All the tumor specimens from the TURBT will be sent to a pathologist for review. The pathologist will confirm the type of bladder cancer and the depth of invasion into the bladder wall if any. This will help the pathologist and your medical team determine the stage and grade of your bladder cancer. These findings, along with results from imaging such as CT scans, will determine the type and duration of further treatment if necessary.

After TURBT surgery, you may recover at home or spend a few days in the hospital. It is possible that you might have a catheter inserted into your urethra to help prevent blockage. The catheter tube is removed when the bleeding from surgery has stopped.

It is common to feel the need to urinate frequently after surgery. It may even burn or sting when you use the bathroom. These symptoms should become better with time. To improve these symptoms, stay hydrated by drinking fluids, it will help the healing process. Do not be alarmed if your urine appears pink. This is normal because there may be blood in your urine. Contact your doctor if these symptoms last for more than a few weeks.

Strenuous activity and heavy lifting should be avoided for around three weeks after your surgery. This means you should not lift grocery bags, children, pets or other things that cause you to strain until your doctor tells you that it is okay to. Speak to your medical team about any other recommendations they suggest.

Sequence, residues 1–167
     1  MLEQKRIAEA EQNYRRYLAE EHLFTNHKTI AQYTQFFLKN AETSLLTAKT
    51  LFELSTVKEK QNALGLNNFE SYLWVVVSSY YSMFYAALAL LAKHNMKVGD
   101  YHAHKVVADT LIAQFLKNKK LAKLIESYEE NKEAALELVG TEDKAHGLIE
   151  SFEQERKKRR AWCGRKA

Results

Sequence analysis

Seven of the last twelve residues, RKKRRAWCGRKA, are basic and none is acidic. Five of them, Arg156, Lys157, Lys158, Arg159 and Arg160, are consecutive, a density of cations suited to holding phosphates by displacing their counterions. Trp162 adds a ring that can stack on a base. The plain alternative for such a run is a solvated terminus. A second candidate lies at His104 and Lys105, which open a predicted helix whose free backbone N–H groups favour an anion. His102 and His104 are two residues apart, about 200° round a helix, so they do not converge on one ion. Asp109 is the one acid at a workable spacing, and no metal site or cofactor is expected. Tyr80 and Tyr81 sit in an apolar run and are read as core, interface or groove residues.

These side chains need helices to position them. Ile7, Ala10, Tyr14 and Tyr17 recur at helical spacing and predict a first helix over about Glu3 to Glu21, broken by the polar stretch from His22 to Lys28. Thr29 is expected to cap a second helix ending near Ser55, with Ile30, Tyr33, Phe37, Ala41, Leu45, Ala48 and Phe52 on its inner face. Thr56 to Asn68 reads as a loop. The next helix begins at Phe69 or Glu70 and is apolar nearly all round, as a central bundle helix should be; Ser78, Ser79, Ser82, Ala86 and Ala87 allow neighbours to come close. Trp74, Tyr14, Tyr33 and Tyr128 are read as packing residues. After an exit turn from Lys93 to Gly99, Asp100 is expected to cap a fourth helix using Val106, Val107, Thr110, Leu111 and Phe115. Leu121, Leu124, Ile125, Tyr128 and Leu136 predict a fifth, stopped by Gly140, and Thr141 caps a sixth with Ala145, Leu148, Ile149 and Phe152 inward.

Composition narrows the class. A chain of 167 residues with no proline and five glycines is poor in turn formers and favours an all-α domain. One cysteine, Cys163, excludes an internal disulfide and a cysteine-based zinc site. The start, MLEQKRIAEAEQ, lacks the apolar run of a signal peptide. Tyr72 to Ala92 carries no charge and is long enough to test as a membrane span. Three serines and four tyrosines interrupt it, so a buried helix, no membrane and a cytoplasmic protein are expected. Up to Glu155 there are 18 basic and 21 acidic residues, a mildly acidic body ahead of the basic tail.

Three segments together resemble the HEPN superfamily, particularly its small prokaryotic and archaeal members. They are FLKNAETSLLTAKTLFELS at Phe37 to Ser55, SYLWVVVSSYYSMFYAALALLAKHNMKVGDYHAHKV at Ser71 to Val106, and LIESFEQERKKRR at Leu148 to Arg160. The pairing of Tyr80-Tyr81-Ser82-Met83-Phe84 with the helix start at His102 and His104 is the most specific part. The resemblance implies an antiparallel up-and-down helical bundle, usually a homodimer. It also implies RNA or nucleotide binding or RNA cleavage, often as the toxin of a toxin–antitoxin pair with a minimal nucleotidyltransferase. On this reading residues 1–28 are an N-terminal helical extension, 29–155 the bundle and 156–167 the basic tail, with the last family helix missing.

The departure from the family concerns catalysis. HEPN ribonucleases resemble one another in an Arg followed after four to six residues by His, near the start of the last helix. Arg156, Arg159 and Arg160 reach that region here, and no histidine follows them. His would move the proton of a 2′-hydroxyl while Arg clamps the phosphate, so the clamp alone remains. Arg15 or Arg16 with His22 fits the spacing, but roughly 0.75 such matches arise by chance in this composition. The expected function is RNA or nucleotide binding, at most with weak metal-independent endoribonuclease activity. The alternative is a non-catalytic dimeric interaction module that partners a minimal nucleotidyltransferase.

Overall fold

What Are the Risks and Benefits of a TURBT?

As with any type of surgery, there are both risks and benefits to a TURBT procedure. Generally, bladder tumor biopsy and resection is considered a very safe procedure. Some of the possible risks during or after surgery include:

  • Anesthesia-related complications
  • Infections of the urinary tract
  • Bleeding after surgery
  • Perforation of the bladder

Despite these risks, TURBT procedures are typically a successful treatment for early-stage cancer of the bladder. Having a TURBT can prevent cancer from spreading into the muscle wall of the bladder.

Frequently Asked Questions

How long should I expect a TURBT to take?

The average time for the TURBT procedure is no longer than one hour. You should anticipate being put under anesthesia before the surgery. Anesthesia will allow you to be in a deep sleep during the procedure and prevent you from feeling anything.